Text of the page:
#167. Time again for some good news..

Posted on | The Agurban
Time again for some good news..

We look forward to the semi-annual “Happy Talk”, a feature by Jeff Thredgold, President, of Thredgold Economic Associates. Jeff writes a weekly ezine called the Tea Leaf. Following are excerpts from his most recent Tea Leaf.

The “dismal science” of economics typically focuses on “bad” news. We do face major challenges..no question. Recessionary pressures are intense..no argument here. However, there are many favorable developments taking place within the U.S. economy. This Tea Leaf focuses ONLY on the “good” news..

  • U.S. exports to the world of goods and services are at record levels
  • A year-end 2007 Gallup Poll noted that “more than 8 in 10 Americans say they are satisfied with their personal lives at this time, including a solid majority who say they are ‘very satisfied.'”
  • During the early 1960s, the five-year survival rate from cancer for Americans was one in three. Today it is two in three..continuing to climb..and the highest in the world
  • For every dollar of U.S. economic output generated today, we burn less than half as much oil as 30 years ago
  • Today’s moms and dads, whether working or at home, are spending four to six hours more per week with their kids than did the previous generation
  • Alcohol-related traffic fatalities in the most recently reported year dropped by more than half versus 20 years ago
  • The nation’s jobless rate averaged 4.6% in both 2006 and 2007, the lowest average in six years, and lower than average rates in the ’70s, ’80s, and ’90s
  • The American economy added nearly seven million net additional jobs during 2004 to 2006, and added more than 1.1 million in 2007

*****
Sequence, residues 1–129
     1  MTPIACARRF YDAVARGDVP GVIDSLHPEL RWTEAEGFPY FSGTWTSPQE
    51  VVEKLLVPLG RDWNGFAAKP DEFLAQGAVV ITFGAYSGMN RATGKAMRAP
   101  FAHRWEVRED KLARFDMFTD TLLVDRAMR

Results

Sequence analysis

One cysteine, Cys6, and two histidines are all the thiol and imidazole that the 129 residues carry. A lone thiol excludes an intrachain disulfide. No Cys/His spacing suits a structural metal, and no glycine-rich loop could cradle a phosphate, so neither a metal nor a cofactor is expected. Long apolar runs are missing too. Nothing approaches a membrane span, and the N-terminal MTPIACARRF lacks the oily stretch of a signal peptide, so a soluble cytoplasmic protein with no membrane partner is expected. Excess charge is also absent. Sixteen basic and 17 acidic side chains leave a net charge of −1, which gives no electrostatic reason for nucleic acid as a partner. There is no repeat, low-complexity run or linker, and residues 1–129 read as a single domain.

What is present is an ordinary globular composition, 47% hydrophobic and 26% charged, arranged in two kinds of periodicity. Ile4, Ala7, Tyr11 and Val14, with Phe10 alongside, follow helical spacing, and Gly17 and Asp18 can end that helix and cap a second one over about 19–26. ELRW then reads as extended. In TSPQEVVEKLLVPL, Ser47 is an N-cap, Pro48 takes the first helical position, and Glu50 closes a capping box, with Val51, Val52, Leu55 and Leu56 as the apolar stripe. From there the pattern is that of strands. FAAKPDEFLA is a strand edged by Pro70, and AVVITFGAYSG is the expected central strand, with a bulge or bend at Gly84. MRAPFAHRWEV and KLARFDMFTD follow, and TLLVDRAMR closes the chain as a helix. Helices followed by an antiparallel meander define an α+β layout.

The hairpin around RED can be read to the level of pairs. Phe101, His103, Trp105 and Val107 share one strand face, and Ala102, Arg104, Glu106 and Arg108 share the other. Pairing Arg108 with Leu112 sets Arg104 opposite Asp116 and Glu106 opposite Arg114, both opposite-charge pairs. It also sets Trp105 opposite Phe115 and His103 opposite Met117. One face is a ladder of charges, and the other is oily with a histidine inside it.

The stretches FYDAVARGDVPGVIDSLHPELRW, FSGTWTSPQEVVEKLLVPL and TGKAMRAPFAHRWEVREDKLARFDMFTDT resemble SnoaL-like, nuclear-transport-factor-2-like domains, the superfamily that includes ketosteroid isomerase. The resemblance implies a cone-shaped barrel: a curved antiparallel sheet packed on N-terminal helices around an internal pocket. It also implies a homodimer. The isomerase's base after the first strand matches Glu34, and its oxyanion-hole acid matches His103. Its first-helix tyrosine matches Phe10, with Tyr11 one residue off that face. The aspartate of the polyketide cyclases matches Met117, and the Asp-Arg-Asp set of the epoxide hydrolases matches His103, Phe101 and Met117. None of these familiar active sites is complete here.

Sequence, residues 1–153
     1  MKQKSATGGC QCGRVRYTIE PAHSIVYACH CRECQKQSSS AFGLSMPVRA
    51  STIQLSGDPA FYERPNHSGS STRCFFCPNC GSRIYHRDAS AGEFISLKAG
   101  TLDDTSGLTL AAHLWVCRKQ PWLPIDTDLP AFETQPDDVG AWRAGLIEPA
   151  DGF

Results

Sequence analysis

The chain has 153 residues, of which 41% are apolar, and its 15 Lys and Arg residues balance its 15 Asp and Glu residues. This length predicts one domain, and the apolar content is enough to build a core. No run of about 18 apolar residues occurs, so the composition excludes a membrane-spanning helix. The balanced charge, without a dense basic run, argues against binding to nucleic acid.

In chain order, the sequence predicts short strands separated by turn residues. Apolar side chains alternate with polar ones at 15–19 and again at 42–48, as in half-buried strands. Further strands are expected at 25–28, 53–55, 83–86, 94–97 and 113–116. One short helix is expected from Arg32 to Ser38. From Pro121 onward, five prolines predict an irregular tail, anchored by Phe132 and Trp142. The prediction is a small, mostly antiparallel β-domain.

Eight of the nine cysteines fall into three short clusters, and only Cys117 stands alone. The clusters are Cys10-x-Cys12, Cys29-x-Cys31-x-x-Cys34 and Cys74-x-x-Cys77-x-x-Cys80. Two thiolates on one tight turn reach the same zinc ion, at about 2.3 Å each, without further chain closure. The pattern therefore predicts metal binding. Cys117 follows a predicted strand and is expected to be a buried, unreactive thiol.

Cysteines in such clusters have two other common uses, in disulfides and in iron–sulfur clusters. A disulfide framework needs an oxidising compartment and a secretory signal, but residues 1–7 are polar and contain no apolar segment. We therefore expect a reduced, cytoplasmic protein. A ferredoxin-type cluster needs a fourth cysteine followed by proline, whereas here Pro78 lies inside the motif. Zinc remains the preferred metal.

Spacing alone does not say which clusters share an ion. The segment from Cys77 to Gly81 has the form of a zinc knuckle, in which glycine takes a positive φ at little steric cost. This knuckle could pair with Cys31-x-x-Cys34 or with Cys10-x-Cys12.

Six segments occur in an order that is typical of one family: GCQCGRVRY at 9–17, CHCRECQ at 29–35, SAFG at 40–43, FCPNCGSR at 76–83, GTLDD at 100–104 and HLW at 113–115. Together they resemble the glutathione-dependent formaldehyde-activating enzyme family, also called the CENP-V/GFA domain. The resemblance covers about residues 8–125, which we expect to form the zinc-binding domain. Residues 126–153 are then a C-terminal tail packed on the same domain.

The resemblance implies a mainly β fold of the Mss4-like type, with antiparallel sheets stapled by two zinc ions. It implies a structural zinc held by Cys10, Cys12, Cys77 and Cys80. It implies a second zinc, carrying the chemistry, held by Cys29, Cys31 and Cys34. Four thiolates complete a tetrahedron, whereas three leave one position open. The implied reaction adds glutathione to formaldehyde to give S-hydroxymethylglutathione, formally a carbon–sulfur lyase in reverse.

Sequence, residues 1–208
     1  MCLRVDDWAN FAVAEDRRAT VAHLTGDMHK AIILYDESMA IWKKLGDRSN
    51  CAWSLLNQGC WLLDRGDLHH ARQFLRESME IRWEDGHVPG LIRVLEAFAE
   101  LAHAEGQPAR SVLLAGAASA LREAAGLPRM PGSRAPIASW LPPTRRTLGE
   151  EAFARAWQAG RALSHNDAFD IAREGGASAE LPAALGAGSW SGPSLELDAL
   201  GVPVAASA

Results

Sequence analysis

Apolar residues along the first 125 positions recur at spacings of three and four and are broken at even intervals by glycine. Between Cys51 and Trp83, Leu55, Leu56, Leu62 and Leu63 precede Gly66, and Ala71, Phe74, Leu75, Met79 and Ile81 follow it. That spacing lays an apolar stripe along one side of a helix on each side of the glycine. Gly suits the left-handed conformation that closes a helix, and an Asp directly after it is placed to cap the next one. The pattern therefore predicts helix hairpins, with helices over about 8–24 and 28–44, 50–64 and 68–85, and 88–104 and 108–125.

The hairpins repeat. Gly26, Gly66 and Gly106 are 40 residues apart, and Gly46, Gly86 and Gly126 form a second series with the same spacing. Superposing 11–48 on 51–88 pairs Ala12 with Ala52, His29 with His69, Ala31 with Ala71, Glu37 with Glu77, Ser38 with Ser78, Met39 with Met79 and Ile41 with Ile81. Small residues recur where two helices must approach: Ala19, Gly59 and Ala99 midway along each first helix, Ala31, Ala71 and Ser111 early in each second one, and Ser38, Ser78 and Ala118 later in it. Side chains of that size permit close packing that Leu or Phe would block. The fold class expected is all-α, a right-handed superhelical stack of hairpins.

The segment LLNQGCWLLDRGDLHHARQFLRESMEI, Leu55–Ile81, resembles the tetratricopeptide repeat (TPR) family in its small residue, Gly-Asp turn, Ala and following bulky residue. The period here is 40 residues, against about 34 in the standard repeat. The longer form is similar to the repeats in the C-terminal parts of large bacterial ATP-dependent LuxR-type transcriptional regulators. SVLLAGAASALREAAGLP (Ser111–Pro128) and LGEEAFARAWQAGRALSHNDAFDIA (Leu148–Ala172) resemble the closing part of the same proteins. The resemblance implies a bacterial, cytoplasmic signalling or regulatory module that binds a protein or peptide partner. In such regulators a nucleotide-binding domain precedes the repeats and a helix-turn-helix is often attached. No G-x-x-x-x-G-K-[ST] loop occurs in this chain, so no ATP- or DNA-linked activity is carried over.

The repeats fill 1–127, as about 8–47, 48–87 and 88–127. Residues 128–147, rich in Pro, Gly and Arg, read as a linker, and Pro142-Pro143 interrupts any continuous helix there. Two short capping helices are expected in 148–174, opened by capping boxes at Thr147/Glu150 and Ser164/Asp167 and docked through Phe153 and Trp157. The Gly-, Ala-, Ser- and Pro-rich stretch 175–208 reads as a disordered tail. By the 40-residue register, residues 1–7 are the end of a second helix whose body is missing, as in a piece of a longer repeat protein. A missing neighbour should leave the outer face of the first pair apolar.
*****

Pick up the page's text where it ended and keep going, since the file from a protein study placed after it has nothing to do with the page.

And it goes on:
• U.S. corporations hold an estimated $611 billion in cash on their balance sheets, a “tool” to help lessen the chance of, or minimize the impact of, a recession
  • The Federal Reserve is expected to reduce its key short-term interest rate for a sixth time no later than March 18, with another cut possible in April. Debt costs for millions of Americans will decline as a result
  • Some 68.6% of the 2.7 million “Class of ’05” high school graduates enrolled in colleges & universities, the highest ever
  • Productivity of the average U.S. worker rose an average of 2.6% annually during the past 10 years, the largest gains in 40 years. Rising productivity is a long- term key to higher standards of living
  • The U.S. rate of home ownership reached 69.2% of households in recent quarters, the highest ever, before declining slightly
  • Global economic growth should exceed 4.0% in 2008 (after inflation) for the sixth consecutive year, a development not seen in generations. Strong growth allows millions to rise above poverty
  • Air pollution declined 25% over the past 30 years even as the population and the economy grew. Water quality also continues to improve. More progress will occur in coming years as companies see rising value in “going green”
  • Median (half more, half less) family income now exceeds $54,000 annually
  • The U.S. still accounts for roughly 40% of global research and development (R&D) spending
  • Flexible work schedules are now the norm for 43% of workers, up from 29% in 1992 and 13% in 1985. This allows greater flexibility for more people, especially those with children
  • The Consumer Price Index has risen an average of 2.7% annually since 1992
  • Roughly 30% of trash was recycled or composted in the latest year, versus 16% in 1990
To see Jeff’s complete list, visit TeaLeaf080305.